The coming of Holiday Inn and its ilk might be a bad signal for all the family-run guest houses and locally owned inns that dot the city. I’m not going to say that all this development is ruining the Hanoi experience. I’m going to think it, but I won’t say it. You can’t really criticize a city for trying to modernize and bring more dollars into its economy. At the same time, those of you who want to experience the deep sense of history and the diverse cultural influences might want to start booking your flight soon, lest you find nothing but Holiday Inns and KFCs.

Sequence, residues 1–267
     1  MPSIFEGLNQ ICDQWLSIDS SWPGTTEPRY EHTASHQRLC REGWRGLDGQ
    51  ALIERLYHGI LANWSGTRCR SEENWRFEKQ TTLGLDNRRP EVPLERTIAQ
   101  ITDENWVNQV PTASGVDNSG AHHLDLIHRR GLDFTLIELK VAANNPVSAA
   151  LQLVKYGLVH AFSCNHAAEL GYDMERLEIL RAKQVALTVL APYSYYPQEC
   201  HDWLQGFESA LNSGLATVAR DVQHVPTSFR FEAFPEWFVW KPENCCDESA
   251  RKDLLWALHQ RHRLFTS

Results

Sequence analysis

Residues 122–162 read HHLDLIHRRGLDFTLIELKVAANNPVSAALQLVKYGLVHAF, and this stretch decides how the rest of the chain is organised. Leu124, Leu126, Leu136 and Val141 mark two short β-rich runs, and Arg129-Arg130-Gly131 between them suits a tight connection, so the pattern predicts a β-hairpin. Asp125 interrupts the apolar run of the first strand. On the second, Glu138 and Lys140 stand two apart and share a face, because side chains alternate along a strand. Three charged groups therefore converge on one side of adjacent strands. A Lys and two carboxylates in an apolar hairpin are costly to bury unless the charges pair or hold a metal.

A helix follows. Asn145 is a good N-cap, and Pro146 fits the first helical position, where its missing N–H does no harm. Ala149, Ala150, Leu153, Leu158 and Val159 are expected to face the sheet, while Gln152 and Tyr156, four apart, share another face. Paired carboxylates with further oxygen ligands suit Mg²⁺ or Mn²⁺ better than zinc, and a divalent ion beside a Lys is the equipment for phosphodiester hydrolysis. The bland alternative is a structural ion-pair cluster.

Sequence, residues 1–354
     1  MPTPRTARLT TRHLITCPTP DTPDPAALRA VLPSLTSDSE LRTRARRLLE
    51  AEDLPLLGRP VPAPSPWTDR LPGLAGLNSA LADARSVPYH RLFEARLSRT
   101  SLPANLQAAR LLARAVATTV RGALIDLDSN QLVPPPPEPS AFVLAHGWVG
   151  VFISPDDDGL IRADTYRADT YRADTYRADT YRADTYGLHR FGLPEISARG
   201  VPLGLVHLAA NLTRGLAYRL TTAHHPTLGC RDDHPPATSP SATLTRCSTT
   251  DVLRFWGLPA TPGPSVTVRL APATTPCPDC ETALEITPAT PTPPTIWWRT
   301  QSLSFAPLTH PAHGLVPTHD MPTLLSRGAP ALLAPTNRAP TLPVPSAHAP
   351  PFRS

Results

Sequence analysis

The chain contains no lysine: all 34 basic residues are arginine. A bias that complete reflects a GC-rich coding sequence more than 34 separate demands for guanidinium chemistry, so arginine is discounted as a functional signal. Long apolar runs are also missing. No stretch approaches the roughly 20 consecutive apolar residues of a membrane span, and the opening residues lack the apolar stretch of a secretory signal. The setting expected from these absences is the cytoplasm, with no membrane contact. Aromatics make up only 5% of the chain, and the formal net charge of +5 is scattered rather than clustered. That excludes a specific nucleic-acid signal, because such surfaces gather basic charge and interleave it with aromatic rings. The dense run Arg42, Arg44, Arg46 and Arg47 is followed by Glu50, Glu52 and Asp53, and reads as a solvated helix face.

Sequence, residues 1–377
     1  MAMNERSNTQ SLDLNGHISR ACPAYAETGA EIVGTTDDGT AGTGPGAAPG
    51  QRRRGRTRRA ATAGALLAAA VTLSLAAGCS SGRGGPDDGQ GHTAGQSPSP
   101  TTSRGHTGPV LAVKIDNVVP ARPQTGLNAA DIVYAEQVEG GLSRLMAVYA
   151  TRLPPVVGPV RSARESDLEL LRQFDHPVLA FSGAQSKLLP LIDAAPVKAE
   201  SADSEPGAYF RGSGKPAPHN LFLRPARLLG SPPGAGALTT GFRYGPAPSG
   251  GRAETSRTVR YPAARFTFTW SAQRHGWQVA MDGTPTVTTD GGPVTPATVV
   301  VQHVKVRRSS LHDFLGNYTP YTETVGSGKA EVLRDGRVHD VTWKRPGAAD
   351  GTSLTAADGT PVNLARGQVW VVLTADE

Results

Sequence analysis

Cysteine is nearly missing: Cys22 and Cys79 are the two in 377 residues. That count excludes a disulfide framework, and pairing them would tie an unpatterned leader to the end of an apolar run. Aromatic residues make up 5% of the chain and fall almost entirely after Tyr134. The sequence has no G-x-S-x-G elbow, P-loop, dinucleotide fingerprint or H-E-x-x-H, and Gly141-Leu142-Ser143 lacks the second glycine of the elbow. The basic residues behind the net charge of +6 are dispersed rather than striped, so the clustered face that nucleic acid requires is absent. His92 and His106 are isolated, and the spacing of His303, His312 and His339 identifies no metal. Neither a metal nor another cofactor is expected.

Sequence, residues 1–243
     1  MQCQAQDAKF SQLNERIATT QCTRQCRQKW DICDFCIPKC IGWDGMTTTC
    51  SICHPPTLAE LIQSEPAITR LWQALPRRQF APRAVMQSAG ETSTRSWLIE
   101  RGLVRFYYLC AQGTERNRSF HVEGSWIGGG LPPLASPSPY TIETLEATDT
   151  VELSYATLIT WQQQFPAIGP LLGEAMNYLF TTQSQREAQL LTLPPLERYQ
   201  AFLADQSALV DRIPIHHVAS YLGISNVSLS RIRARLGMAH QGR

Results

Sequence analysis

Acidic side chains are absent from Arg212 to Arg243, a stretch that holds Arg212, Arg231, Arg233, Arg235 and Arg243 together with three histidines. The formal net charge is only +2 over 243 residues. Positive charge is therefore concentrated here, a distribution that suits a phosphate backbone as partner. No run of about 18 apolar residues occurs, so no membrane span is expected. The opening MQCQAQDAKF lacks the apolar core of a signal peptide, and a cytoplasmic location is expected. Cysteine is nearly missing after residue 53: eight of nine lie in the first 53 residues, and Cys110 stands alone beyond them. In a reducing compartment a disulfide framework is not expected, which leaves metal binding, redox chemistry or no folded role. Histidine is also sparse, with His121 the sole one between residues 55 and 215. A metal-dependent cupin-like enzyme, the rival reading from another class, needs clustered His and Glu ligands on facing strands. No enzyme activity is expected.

Waterpark Hotel in Chi-Town

Mayan Adventure Indoor WaterparkMust have
been one heck of a cold day in Illinois when creators of the Mayan
Adventure Indoor Waterpark
came up with the idea, but regardless of the circumstances the area is pleased to
welcome the new family fun venue and hoping to keep tourism dollars in Illinois. Up until this point residents of the
area had been driving three or more hours to reach a similar attraction in Wisconsin. $30 million went into the new indoor waterpark located in the Holiday Inn Elmhurst at 624 North
York Rd., in Elmhurst. Having just celebrated
the grand opening
I’m sure the hotel will generate mucho dinero and a splashing good time for families and children
with spring here and summer around the corner.

via
HotelChatter